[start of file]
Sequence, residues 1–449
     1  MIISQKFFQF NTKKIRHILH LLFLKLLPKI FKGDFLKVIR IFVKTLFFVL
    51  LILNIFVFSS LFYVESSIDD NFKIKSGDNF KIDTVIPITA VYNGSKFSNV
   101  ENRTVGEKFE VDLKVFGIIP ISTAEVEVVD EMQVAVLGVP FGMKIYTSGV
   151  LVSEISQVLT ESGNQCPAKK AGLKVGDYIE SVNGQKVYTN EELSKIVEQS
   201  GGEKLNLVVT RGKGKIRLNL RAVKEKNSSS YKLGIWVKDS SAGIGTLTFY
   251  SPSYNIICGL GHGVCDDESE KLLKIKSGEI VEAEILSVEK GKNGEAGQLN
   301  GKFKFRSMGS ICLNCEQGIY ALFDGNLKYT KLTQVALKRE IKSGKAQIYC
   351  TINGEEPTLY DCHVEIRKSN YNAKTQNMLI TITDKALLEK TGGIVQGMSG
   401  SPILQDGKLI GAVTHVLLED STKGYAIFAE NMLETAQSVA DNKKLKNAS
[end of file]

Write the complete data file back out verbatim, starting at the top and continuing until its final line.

Sequence, residues 1–449
     1  MIISQKFFQF NTKKIRHILH LLFLKLLPKI FKGDFLKVIR IFVKTLFFVL
    51  LILNIFVFSS LFYVESSIDD NFKIKSGDNF KIDTVIPITA VYNGSKFSNV
   101  ENRTVGEKFE VDLKVFGIIP ISTAEVEVVD EMQVAVLGVP FGMKIYTSGV
   151  LVSEISQVLT ESGNQCPAKK AGLKVGDYIE SVNGQKVYTN EELSKIVEQS
   201  GGEKLNLVVT RGKGKIRLNL RAVKEKNSSS YKLGIWVKDS SAGIGTLTFY
   251  SPSYNIICGL GHGVCDDESE KLLKIKSGEI VEAEILSVEK GKNGEAGQLN
   301  GKFKFRSMGS ICLNCEQGIY ALFDGNLKYT KLTQVALKRE IKSGKAQIYC
   351  TINGEEPTLY DCHVEIRKSN YNAKTQNMLI TITDKALLEK TGGIVQGMSG
   401  SPILQDGKLI GAVTHVLLED STKGYAIFAE NMLETAQSVA DNKKLKNAS